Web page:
Among the city's latest coups: capturing the World Expo for 2010 and the Special Olympics for 2007, winning a place on the Formula One auto-racing circuit next year, luring a Universal Studios theme park, which is slated to open in 2006, building the world's first high-speed magnetic-levitation train and the world's tallest hotel, and announcing plans for the world's tallest building, the biggest container port, the longest steel-arch bridge and even the biggest Ferris wheel.

    In many ways, it is a revival of the boom of the early 20th century, when Shanghai, known as the Paris of the East, was one of the world's fastest-growing cities, filled with beautiful, new Art Deco hotels and banking towers along the Bund, the city's famed riverfront.

    But the city's planners admit they made mistakes in the pell-mell construction boom that reinvigorated this city of 17 million people in the 1990s. In the space of just 10 years, more than 1.5 million low-income people were forced out of the city centre to make room for massive developments for the wealthy.

    The result is sterile, oppressive and haphazard. Now the city is struggling to define its greatness in a kinder and gentler way.

    There was virtually no urban planning in the country's biggest city during the past decade, even though China is ostensibly a centrally planned Communist country. People joked that the urban planning bureau was actually a "survey bureau" whose only task was to measure the newly completed towers.

    Nobody seemed to care that Shanghai was blindly copying Western architectural trends, producing vast numbers of "landmark" skyscrapers with kitschy "hats" on top, leaving the city littered with financial districts that became dead zones at night.

    "In the 1990s the whole country was keen to adopt something new, but it had no idea what, as long as it was new," Mr. Zheng said. "The city didn't pay much attention to planning. Now there is more thinking."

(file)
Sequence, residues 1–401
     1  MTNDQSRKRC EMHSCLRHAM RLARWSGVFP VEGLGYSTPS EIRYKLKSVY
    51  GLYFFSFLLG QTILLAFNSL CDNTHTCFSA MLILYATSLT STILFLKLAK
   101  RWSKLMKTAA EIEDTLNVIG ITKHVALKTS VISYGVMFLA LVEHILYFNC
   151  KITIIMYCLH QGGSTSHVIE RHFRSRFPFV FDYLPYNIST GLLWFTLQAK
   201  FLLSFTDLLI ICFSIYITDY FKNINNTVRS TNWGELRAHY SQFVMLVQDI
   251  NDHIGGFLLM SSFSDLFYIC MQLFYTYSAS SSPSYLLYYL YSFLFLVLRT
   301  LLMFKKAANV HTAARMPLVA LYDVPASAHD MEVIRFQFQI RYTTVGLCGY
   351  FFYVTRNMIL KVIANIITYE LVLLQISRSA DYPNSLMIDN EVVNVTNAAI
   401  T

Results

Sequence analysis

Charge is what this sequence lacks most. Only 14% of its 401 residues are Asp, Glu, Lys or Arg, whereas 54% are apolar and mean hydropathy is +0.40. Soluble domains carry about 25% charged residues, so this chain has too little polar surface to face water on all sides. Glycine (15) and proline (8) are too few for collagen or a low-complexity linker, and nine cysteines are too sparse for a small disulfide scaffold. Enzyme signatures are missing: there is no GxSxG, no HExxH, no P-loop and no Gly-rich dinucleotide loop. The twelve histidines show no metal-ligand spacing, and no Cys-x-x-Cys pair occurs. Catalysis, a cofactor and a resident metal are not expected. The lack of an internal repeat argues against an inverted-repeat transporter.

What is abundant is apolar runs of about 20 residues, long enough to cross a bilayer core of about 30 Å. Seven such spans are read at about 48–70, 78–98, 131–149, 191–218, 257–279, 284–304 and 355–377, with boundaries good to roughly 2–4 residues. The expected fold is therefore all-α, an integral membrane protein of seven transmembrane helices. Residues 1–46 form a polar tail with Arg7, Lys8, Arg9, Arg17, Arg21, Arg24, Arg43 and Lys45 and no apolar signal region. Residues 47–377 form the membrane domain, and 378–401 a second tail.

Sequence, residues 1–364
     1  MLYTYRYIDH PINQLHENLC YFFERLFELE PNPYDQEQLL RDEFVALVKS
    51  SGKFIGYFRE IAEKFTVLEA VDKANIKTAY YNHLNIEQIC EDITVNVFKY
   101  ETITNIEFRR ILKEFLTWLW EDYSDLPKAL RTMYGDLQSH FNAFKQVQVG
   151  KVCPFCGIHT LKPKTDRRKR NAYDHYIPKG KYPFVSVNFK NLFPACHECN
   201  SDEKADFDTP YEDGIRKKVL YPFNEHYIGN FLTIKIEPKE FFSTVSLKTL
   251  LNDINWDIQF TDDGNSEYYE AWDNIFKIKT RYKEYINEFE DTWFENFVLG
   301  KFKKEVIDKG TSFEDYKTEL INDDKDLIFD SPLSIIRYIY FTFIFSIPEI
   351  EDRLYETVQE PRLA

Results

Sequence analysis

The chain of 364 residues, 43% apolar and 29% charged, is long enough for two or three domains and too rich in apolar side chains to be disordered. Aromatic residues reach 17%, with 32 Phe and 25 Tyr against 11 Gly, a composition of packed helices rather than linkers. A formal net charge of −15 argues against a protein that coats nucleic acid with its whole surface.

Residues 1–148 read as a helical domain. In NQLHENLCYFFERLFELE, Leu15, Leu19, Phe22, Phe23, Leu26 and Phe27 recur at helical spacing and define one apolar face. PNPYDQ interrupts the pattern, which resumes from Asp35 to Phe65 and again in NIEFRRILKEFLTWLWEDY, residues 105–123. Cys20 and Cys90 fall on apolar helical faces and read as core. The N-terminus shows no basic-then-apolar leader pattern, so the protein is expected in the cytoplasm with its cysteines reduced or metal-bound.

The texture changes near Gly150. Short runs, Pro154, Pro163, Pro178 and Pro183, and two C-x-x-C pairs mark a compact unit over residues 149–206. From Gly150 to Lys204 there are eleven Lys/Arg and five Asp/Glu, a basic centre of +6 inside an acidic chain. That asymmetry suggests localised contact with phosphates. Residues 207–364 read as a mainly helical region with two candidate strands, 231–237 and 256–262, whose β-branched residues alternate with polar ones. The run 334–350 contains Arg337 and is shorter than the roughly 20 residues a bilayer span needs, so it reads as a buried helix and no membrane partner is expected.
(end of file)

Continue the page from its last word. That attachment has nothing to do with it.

Shanghai's recently completed Xintiandi neighbourhood, a cluster of boutiques and restaurants built behind the preserved facades of beautiful brick buildings from the 1920s, has emerged as the symbol of the new philosophy of historical conservation and street-level development. It has garnered praise and profits for its developer, inspiring similar plans in many other Chinese cities.

    In the city's planning museum, a huge room is filled with a gigantic model of what the city could look like in 2020. Even the model itself is touted as the world's biggest, and workers crawl across it every few days to add new towers to the skyline. But now, for the first time, vast swaths of green space have been added to the model.

    The museum promises that Shanghai will triple its public green space from 3.6 square metres per inhabitant today to a target of more than 10 square metres per resident by 2020. The city's new goal is to create "a harmonious ecological environment for human beings, to establish a 21st-century international metropolis," the museum declares.

    To curb and soften the excess growth, Shanghai has introduced new rules to lower the height of new buildings and density of neighbourhoods, to expand the green space and to preserve historical buildings. Even this, however, has been flawed as developers are now evicting residents and demolishing historical buildings to make room for parkland. "We've learned a lot from the past 10 years," Mr. Zheng said. "We want to be world-class in urban construction and design. But we still have a way to go."